Monday, 27 August 2012

How to feel productive

--> Since I had my son, there have been entire days that pass by without a single noteworthy task being completed. Instead of wallowing in self-pity for my newfound lack of time to do things, here are some ways to increase the perception of productivity, which theoretically will lead eventually to actual productivity, or at least increased happiness.

I’m generally not very good with lists, namely because I typically make them either (a) on a scrap of paper with is swiftly lost or (b) in a notebook which is never subsequently opened for list perusal. But really—what is more satisfying than crossing everything off of your list and then throwing it away?

1. Make copious, short lists filled with easy tasks. Obvious examples: wake up, get dressed, eat breakfast. Check, check, check! Feeling of satisfaction. Less obvious ideas: drive to work without getting in accident; find person picking nose in public during commute; drink 2 cups of coffee before 10 am. Really, the possibilities are endless!
Pretty colors, and bite-sized chunks of samples, make science fun.

2. If you must make a list filled with actual work-related tasks, be sure to include abundant sub-tasks, so that you can check them off frequently and not feel like things are dragging on forever. For example:

Bad list
  • Finish Spanish mackerel project
  • Finish beluga whale project

Better list

Spanish mackerel
  •   Plan fieldwork:
    •      Book flights 
    •      Book accommodation
    •      Buy WD40 and duct tape
  • Do fieldwork
  • Return to lab
  • Put samples in freezer
  • Spend several days catching up on sleep and recovering from bug bites
  • etc…you get the point.

3. Catch the fat rabbits first. I can’t take credit for this phrase, which I learned at a workshop, but it’s a useful visual to remember, and attempt to actually do.

First, identify what your fat rabbit is: this is the main project on your list, which stresses you out every time you think about how you’ve been avoiding it. Next, start each day by chipping away at that project.

I know that (a) it’s way easier to start the day by checking and responding to emails, and (b) you are just waiting until you have a clear week to really dig into and nail that project.

But: (a) checking emails leads to adding things to your list, pushing the fat rabbit farther away, (b) you are never ever going to have a clear week and (c) if you can possibly learn to switch on and off intense, actual work (quickly) you will be much more productive once you have children, or otherwise defined working hours.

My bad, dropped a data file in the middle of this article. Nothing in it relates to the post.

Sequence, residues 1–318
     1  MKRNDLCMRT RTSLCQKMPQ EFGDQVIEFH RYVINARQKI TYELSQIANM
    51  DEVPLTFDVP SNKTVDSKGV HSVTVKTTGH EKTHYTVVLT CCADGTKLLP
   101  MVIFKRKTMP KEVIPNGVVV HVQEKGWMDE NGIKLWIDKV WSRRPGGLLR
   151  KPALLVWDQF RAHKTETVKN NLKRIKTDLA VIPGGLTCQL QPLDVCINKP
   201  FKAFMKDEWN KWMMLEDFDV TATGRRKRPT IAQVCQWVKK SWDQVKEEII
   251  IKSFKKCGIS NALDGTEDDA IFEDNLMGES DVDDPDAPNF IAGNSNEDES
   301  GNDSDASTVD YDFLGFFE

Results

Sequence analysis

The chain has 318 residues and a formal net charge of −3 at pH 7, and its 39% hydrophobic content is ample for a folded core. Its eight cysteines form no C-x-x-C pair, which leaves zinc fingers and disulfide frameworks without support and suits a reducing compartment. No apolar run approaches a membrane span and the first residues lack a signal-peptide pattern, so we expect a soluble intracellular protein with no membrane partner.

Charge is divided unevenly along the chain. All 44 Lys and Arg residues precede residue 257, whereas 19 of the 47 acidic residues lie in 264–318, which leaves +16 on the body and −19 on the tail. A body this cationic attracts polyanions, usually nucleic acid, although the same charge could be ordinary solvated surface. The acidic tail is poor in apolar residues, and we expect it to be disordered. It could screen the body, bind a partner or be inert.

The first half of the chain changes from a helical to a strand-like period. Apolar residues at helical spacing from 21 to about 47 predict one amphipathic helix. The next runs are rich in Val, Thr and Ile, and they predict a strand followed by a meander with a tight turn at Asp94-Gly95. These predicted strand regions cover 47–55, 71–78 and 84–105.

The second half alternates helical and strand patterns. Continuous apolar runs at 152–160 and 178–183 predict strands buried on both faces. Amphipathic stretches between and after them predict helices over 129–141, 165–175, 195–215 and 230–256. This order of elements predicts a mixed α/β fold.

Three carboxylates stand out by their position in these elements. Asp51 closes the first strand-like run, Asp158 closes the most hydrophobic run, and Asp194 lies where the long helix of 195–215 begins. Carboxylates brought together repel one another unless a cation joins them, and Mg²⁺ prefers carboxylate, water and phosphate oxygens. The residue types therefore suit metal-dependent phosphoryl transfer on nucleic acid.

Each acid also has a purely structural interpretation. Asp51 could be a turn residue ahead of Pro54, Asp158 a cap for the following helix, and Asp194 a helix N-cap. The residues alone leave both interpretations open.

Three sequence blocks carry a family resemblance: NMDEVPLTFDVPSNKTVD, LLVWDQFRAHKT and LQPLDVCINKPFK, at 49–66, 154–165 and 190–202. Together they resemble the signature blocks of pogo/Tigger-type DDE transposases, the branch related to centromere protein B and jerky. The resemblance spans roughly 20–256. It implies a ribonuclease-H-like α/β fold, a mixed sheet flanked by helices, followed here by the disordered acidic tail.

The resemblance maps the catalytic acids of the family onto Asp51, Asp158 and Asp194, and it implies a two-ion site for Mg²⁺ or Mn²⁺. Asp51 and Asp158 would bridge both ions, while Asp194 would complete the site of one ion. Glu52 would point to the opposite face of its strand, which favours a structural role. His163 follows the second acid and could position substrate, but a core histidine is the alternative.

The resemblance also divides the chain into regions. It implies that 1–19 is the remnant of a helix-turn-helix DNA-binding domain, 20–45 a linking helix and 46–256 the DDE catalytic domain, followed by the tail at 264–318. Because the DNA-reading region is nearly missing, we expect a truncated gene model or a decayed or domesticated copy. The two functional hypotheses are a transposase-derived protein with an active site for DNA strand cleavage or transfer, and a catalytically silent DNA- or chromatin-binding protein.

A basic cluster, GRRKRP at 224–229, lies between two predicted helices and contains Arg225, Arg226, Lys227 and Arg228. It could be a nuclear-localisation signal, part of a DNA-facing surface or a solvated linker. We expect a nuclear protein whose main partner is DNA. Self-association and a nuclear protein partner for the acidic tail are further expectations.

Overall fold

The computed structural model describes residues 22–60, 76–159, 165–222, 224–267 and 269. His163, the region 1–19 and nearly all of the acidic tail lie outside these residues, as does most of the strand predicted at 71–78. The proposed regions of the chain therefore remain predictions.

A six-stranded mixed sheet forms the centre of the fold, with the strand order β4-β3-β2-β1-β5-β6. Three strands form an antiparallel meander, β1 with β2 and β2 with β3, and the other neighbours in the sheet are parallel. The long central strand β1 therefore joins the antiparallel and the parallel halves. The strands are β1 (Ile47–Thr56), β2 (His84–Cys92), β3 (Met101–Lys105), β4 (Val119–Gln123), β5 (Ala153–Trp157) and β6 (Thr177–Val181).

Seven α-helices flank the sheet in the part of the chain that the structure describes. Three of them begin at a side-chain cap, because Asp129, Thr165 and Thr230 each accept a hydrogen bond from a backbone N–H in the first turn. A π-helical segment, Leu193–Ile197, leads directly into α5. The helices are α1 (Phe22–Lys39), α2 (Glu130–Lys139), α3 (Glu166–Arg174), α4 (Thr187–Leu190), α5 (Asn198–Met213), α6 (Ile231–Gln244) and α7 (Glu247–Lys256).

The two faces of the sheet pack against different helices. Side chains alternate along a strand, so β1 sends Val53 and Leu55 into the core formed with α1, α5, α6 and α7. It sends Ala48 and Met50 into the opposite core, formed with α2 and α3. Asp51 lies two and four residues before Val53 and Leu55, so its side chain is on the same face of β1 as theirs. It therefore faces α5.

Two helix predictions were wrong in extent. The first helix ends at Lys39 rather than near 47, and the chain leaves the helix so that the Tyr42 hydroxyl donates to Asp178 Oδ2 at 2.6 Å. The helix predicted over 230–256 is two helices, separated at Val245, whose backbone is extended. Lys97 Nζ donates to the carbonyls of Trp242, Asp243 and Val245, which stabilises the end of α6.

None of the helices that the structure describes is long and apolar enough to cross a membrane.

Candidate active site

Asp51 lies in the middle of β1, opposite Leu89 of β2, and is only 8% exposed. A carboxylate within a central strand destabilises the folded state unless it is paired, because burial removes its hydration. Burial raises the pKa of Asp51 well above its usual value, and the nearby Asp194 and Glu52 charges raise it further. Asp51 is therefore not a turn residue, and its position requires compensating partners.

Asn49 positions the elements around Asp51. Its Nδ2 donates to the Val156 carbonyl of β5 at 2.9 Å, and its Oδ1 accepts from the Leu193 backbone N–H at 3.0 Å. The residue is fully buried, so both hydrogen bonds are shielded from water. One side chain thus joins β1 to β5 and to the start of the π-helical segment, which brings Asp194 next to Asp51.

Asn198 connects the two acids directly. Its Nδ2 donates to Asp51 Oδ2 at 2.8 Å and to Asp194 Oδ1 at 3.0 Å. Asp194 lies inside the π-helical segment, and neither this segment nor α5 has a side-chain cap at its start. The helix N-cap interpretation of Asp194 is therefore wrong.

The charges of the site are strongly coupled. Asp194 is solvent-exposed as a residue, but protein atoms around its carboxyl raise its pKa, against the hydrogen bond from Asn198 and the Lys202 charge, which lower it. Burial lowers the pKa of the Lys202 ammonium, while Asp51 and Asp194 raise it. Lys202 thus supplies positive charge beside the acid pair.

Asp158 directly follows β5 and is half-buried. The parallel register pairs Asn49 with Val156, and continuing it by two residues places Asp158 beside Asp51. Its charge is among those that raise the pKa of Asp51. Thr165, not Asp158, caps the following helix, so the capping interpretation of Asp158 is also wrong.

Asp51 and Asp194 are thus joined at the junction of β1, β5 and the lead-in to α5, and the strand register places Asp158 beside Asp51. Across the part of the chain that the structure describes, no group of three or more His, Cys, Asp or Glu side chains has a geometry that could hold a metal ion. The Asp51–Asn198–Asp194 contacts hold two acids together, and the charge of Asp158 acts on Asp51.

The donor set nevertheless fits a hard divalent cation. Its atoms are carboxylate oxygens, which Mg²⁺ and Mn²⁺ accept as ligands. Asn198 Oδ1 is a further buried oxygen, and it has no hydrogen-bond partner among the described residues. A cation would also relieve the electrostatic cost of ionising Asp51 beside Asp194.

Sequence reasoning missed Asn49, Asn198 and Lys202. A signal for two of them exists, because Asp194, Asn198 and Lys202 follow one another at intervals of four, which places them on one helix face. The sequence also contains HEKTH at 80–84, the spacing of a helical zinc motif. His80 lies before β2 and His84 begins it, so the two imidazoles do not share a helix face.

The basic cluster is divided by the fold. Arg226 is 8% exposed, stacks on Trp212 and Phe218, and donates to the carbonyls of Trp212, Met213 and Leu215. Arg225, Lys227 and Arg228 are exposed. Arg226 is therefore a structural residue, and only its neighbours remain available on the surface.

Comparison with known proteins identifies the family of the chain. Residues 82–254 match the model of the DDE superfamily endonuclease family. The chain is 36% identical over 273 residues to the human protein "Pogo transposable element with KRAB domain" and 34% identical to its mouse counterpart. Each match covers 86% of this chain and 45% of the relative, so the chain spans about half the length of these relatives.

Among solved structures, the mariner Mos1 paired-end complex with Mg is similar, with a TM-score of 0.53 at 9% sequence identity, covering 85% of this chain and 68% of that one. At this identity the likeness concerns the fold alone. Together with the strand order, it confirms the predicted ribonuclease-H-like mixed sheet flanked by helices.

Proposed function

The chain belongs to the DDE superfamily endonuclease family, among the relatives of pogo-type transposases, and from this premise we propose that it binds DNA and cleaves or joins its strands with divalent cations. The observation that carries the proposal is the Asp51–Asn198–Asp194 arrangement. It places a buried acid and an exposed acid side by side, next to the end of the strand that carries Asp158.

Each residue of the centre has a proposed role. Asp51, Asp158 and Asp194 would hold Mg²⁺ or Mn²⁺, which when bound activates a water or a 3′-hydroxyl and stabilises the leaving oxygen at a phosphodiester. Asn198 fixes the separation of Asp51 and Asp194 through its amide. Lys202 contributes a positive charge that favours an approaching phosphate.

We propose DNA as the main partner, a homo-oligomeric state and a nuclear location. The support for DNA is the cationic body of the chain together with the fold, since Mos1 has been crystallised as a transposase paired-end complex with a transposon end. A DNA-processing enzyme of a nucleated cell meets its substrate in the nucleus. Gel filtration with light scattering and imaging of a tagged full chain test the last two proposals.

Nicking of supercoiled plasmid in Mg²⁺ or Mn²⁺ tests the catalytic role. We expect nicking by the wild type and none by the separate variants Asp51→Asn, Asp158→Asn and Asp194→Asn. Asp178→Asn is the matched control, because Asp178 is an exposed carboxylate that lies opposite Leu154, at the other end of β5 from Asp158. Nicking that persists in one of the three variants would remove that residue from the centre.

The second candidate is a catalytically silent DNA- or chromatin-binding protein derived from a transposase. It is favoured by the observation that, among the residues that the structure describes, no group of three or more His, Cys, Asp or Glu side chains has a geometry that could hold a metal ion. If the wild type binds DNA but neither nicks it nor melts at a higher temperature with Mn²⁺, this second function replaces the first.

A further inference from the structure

Increase your computer power, and you might work exponentially faster!

4. Say no once in a while. I find this incredibly difficult; especially because I am lacking the ability to estimate the actual time it takes to do things. For example—and this has not been repeated—one Christmas day we had breakfast, lunch, and dinner with different sets of family members in different cities. This felt productive, but really it was just insane and rushed.

I’ve seen a lot of articles lately about how multitasking, though seemingly efficient, is actually bad for productivity because it decreases focus (for instance here and here). But of course, that's because other people are doing it wrong. To follow proper Jessica Multitasking Protocol, use time spent doing something repetitive or otherwise non-brain-intensive (formatting your journal article, let’s say) to simultaneously do something enjoyable like listening to a podcast. Or, go for a walk while reading articles. Because you'll be doing something enjoyable while doing something perhaps a bit on the dull side (sorry, science, but you are often rather dry), you may find your attention lasts longer and you feel like you haven’t wasted your day sitting on my ass/wearing down your pointer finger on the computer trackpad. 
How's that for effective multitasking?

Be realistic
This is something I’m currently struggling with: setting goals that are feasible so I don’t just collapse in a heap of stress, unable to accomplish anything. I’m slowly coming to grips with the surprising fact that I can’t work 10 hours a day, spend time with my son, keep up some resemblance of a social life, and also sleep—and therefore I won’t be able to produce quite the same amount of science that once came from long days and often nights and weekends spent working. And really, that’s (eventually going to be) Ok with me.

Friday, 17 August 2012

Cook adventurously

--> When I met my husband, the only thing I could cook was pasta (perfectly) and overcooked vegetables with tofu (burned to a crisp). Even rice eluded my culinary abilities. It’s too bad I only just found this amazing blog. Not to blame my ever-loving parents, but the term “gourmet” did not play a large role in my upbringing. Since then, I’ve come to appreciate and even sometimes cook good food. Here are some tips I’ve learned along the way:

1. Combine unexpected ingredients. This is, at least from my surveys of fine restaurants, the sign of real haute dining. Does the combination of sautĂ©ed strawberries and fried fish sound tasty to you? If not, you clearly do not have a refined palate—something I am also apparently lacking, since I found this dish disgusting, yet paid $20 to choke it down.